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6662: Haiti in life and debt struggle (The Guardian) (fwd)
Haiti in life and debt struggle
Impoverished island forced to keep up its loan payments
Debt relief: special report
Owen Bowcott in Port-au-Prince and Charlotte Denny
Saturday June 17, 2000
Haiti hopes that six months from now it will have recovered millions of
dollars embezzled by the former dictator Jean-Claude "Baby Doc" Duvalier and
secreted in Swiss banks. It may also launch a prosecution against him in
France, where he lives in exile.
But it is not the plundered funds that most preoccupy the leader of the
poorest country in the Americas. President RenÃ© PrÃ©val - a dapper agronomist
with a ready smile - is more alarmed by the sums his impoverished country
must disgorge to repay loans from foreign banks.
The fact that 40% of Haiti's debt was incurred under Duvalier family misrule,
when loans were regularly skimmed by regime cronies, reinforces the country's
Last week in a state reception room, where the sound of traffic grinding
through the sweltering slums of Port-au-Prince almost drowned conversation,
he signed a petition calling on international creditors to annul the
country's swelling $1.2bn (Â£800m) debt.
For a Caribbean nation whose independence was achieved through the only
successful slave revolt in history, the current campaign by the London-based
organisation Jubilee 2000 to break the shackles of developing world
indebtness has a strong political resonance.
Haiti has already signalled its difficulty in meeting interest payments to
the World Bank. It is not among the countries to receive debt cancellation
under the Heavily Indebted Poor Countries (HIPC) initiative.
"They say our debt is not high enough for relief," says President PrÃ©val.
"But it's one of the reasons for the problems of this country. We need
cancellation." Outside the bleached, white splendour of the palace, chickens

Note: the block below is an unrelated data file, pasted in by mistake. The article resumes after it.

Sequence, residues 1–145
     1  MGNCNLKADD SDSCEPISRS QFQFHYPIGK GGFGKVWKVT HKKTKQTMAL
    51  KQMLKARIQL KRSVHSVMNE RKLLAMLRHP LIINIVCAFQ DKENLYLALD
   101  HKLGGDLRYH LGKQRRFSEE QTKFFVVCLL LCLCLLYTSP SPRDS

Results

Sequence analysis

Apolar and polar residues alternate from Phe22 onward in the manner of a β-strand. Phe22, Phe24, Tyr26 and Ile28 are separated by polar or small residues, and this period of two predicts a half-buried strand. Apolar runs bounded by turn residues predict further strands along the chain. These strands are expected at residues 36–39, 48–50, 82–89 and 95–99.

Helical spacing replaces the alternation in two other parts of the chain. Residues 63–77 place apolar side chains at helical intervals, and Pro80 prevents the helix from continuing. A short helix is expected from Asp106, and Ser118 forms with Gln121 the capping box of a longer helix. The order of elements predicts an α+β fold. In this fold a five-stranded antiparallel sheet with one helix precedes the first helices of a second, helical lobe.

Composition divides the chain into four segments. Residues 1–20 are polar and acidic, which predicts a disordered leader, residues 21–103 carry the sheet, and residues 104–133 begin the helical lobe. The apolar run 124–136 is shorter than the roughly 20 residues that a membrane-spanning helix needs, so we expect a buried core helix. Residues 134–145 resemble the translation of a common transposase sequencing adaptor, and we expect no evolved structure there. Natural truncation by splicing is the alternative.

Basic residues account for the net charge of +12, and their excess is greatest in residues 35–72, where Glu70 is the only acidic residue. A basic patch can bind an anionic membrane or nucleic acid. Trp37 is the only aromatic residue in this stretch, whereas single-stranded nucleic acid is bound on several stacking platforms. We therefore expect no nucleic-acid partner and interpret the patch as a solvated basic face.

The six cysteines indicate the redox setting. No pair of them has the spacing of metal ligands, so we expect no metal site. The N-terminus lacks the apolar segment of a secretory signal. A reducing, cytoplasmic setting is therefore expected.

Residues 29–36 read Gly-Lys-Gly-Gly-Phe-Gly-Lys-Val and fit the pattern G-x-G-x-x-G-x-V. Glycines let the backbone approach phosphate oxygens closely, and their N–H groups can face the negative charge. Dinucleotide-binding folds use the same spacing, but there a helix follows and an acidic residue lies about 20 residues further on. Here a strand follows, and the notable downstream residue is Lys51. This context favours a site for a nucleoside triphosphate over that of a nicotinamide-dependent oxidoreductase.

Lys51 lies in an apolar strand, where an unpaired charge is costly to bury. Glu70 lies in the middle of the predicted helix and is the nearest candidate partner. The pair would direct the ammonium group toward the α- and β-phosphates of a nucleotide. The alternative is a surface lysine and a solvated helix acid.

amble across the presidential lawn. Haiti is a country of desperate
In teeming shantytowns, the most basic services do not exist. In the district
of Christ-Roi, the body of a middle-aged man lay on a rutted track, face up
with a broad gash to the head. People walked past.
Amid such poverty, the need for aid and investment is undisputed, but in its
absence millions of Haitians want simply to escape. "We want to do things for
the community," said James Joussaint, director of a development association.
"But people want to go abroad for economic reasons, for better health, better
education, more security, so their children don't have to work ..." His voice
trailed off, implying an endless list.
At home, education is seen as one escape route; private primary schools have
sprung up all over. Hubert Milhomme, headmaster of Ecole El-Shaddai in
Arcachon, looks on as his 18-month-old son, Hubens, plays on the floor and
jokes that one day the boy will be a doctor.
But even this pillar of the community is dispirited: "The government pays
nothing toward the school. Not even for a piece of chalk. There's rarely any
electricity. It gets diverted to the wealthy people in Petionville. Down here
we suffer from tuberculosis and malaria." He, too, talks wistfully of a life
in the US.
The traditional way out has been over the border to cut sugar cane in the
Dominican Republic, which at one stage last year was sending back 600
migrants a day.
The traffic in boat people heading for Miami is reviving - a clear indication
of declining living standards.
Four hundred Haitians were found on a Bahamas beach in January after their
ship ran aground. More than 1,000 Haitians have been sent back already this
year, according to the US coastguard. Thousands more may have made it to